The sting in the tail – and there nearly always is one – was the decision to keep the nation on so-called “negative outlook”. Miss your fiscal goals, Mr Osborne, and you can wave goodbye to that gold-plated sovereign status.
Quite apart from whether any country should pander to a bunch of number crunchers who appear insulated from the real world, it is clear that the Treasury has limited space to absorb further economic shocks.
There was welcome news too last week on several other fronts, with a positive revision to gross domestic product in the second quarter and the most robust reading of the powerhouse services sector in more than a year.
Yet the celebrations were, at best, muted as markets continued to focus attention on the Eurozone with Spain joining Greece in staring into the abyss.
Less than ten months after Spanish PM Mariano Rajoy swept to power promising much, the once-proud kingdom finds itself blighted by record unemployment – around one in four adults is out of work while half the young can’t get a job – a banking industry on the brink of collapse, a housing sector in freefall and rioting on the streets.
Most of the wounds have been self-inflicted. Regional governments, now bankrupt, have paid the price for years of maladministration, corruption and countless white elephant projects.
It remains to be seen if Madrid will admit defeat and seek a full-blown state bailout. Crippling bond yields may yet force its hand.
These are worrying times for any manufacturer or services provider looking to export its wares. The Eurozone remains Britain’s biggest trading partner and the social and economic meltdown in Greece and Spain, which threatens to spread to other common currency nations, is of grave concern.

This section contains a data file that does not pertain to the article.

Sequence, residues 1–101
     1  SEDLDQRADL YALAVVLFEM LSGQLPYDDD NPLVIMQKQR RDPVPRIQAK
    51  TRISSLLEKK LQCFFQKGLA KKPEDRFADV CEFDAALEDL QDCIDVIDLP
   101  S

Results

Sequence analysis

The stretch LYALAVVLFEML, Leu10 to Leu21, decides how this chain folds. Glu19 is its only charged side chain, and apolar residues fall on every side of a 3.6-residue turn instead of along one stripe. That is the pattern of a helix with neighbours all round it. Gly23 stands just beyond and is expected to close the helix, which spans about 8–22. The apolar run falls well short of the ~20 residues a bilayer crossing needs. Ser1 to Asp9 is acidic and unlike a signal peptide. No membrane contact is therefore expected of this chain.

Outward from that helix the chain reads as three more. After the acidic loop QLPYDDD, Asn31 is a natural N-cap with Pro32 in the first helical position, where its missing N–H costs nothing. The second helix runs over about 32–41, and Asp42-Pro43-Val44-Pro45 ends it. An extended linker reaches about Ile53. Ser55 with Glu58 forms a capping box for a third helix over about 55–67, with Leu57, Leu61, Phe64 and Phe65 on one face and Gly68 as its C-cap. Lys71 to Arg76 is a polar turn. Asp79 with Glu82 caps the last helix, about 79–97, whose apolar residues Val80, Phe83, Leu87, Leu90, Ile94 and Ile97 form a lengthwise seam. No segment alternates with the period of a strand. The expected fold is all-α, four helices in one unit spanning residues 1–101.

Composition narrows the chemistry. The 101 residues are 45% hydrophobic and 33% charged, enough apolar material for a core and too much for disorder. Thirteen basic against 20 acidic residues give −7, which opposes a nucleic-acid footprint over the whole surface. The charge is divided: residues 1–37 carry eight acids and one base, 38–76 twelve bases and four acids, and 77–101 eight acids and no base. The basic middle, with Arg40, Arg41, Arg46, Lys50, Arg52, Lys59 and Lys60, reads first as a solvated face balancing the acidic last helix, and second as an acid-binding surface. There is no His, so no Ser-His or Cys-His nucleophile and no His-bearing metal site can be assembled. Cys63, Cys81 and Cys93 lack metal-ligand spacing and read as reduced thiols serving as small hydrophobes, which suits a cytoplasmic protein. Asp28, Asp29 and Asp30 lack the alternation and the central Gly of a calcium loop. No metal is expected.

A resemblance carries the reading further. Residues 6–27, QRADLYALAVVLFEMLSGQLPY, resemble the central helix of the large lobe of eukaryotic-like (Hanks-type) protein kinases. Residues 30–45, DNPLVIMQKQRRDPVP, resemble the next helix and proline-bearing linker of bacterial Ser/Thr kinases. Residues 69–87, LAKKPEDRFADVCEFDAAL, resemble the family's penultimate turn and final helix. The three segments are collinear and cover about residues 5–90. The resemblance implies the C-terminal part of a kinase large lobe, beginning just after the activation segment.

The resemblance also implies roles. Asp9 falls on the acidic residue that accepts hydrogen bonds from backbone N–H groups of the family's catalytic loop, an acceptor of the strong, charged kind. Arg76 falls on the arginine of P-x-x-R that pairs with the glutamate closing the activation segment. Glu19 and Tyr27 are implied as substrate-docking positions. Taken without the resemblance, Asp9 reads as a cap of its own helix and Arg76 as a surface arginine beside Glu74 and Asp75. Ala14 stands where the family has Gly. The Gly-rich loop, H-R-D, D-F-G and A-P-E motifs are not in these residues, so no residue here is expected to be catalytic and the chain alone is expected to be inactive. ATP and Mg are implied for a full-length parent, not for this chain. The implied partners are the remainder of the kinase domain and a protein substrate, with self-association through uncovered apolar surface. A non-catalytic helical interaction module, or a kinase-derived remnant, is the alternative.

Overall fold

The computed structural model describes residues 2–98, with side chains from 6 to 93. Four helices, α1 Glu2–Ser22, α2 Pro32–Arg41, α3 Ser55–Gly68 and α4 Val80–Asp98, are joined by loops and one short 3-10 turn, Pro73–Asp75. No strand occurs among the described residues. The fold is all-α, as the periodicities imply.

For the time being, Britain appears to be coping with austerity in a resiliently British way, though many of the big cuts have yet to kick in, particularly at a local council level.
Savvy businesses eyeing growth have had to look further afield for custom, and emerging nations such as China and India have made up for some of the trade lost across the Channel.
Supporters of the single currency advocate closer integration and see the current crisis as a blip. Eurozone detractors, on the other hand, must be wondering how many attempts at revival are necessary before you declare the patient dead. With further doses of austerity on the cards, a break-up moves ever closer.
Tesco can cope with bad news
A WHEEL or two will fall off the Tesco juggernaut this week when the supermarket giant reveals its first fall in profit for 20 years.
Management, led by chief executive Philip Clark, are certain to highlight the group’s progress in overseas markets and attempts to revive trade closer to home.
Britain’s biggest grocer has been investing heavily on price promotions, extra staffing and new-look stores in the wake of January’s shock profit warning. As a result, the bottom line is likely to have suffered. But with a 30 per cent or so market share,it remains the UK retail sector’s driving force.